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New RMIT research explores pilot-machine interaction

Researchers at the RMIT University are working with industry partners to investigate ways to integrate the mental states of air pilots with machine learning and decision-making.

The Cognitive Human-Machine Interface and Interaction (CHMI) system analyses data inputs to determine the pilot’s state of mind and decide how much computer support is required to fly the plane.

A pilot’s eye-movement, facial expression, brain activity, body temperature, voice patterns, posture and exertion as well as emotional stress indicators like those used in lie-detector tests are among the kinds of information that are assessed by the system.

Professor Roberto Sabatini, the research leader of the Intelligent Transport and Mission Systems Group at RMIT, said the computer system is used to help with flight control and collision avoidance.

“If computers are helping us fly planes they need to consider more than just weather conditions and other aircraft movements, they also need to understand the condition of the pilot they’re working alongside and change the balance of human-computer control accordingly,” Sabatini said.

“In the most obvious example, the system can tell if a pilot is severely incapacitated or unconscious then take full control of the aircraft, but there are many more subtle instances of where they can work together and maximise the combined human-machine team performance.”

The system can also be used to support air traffic controllers and may have applications for single person control of multiple unmanned aircraft. Featuring algorithms and neural networks modelled on the human brain, which allows it to learn and improve itself with repeated interactions, Sabatini said the computer develops a partnership with the user.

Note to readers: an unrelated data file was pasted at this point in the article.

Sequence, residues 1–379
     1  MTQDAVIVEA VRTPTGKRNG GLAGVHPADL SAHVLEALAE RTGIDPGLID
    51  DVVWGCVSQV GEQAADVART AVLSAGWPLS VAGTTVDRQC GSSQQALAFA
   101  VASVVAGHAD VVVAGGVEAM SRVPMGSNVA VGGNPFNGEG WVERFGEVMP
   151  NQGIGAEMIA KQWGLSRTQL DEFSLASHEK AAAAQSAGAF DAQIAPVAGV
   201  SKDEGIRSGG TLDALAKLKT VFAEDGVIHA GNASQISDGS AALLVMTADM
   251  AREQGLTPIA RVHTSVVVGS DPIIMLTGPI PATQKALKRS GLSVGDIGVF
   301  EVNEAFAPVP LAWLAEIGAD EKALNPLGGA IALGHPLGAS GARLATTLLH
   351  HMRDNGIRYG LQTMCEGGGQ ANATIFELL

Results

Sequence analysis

“The emerging concept of human-machine teaming has massive potential to extend our abilities and performance in aerospace, defence, healthcare and a whole range of industries. This is a significant step forward in enabling true, two-way collaboration between humans and machines,” he said.

The research is being conducted with industry partners Northrop Grumman Corporation, Thales Australia and the Australian Defence Science and Technology (DST) group at RMIT’s Aerospace Automation and Autonomous Systems Laboratory in the School of Engineering.

The research team’s paper on “Cognitive Human-Machine Interfaces and Interactions for Avionics and Air Traffic Management Systems” was awarded the prize for best paper at latest IEEE International Workshop on Metrology for Aerospace.

Sabatini said that the technology was marrying human creativity and flexibility with the tactical precision and information acquisition and synthesising skills of machines.

“Both need to work together to achieve optimum performance and that’s where we’re taking this exciting technology – towards a whole range of real-life applications.”

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